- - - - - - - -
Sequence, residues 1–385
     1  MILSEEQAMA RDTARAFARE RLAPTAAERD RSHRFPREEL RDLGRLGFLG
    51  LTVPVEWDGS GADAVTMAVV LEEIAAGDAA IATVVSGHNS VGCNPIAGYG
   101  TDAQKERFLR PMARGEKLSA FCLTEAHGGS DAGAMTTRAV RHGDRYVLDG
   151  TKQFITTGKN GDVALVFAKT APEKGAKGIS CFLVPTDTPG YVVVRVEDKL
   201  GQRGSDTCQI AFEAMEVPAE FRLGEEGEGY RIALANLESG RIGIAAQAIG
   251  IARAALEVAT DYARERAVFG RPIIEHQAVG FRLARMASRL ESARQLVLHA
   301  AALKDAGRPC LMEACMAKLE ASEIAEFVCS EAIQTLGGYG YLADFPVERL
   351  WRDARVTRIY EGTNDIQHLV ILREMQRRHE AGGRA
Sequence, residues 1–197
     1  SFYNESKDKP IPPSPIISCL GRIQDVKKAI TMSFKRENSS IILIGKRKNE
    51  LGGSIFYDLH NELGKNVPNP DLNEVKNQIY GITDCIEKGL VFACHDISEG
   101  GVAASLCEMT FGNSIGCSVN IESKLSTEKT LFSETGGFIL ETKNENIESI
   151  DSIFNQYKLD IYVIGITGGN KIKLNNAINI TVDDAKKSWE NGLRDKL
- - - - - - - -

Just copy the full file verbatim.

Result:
Sequence, residues 1–385
     1  MILSEEQAMA RDTARAFARE RLAPTAAERD RSHRFPREEL RDLGRLGFLG
    51  LTVPVEWDGS GADAVTMAVV LEEIAAGDAA IATVVSGHNS VGCNPIAGYG
   101  TDAQKERFLR PMARGEKLSA FCLTEAHGGS DAGAMTTRAV RHGDRYVLDG
   151  TKQFITTGKN GDVALVFAKT APEKGAKGIS CFLVPTDTPG YVVVRVEDKL
   201  GQRGSDTCQI AFEAMEVPAE FRLGEEGEGY RIALANLESG RIGIAAQAIG
   251  IARAALEVAT DYARERAVFG RPIIEHQAVG FRLARMASRL ESARQLVLHA
   301  AALKDAGRPC LMEACMAKLE ASEIAEFVCS EAIQTLGGYG YLADFPVERL
   351  WRDARVTRIY EGTNDIQHLV ILREMQRRHE AGGRA
Sequence, residues 1–197
     1  SFYNESKDKP IPPSPIISCL GRIQDVKKAI TMSFKRENSS IILIGKRKNE
    51  LGGSIFYDLH NELGKNVPNP DLNEVKNQIY GITDCIEKGL VFACHDISEG
   101  GVAASLCEMT FGNSIGCSVN IESKLSTEKT LFSETGGFIL ETKNENIESI
   151  DSIFNQYKLD IYVIGITGGN KIKLNNAINI TVDDAKKSWE NGLRDKL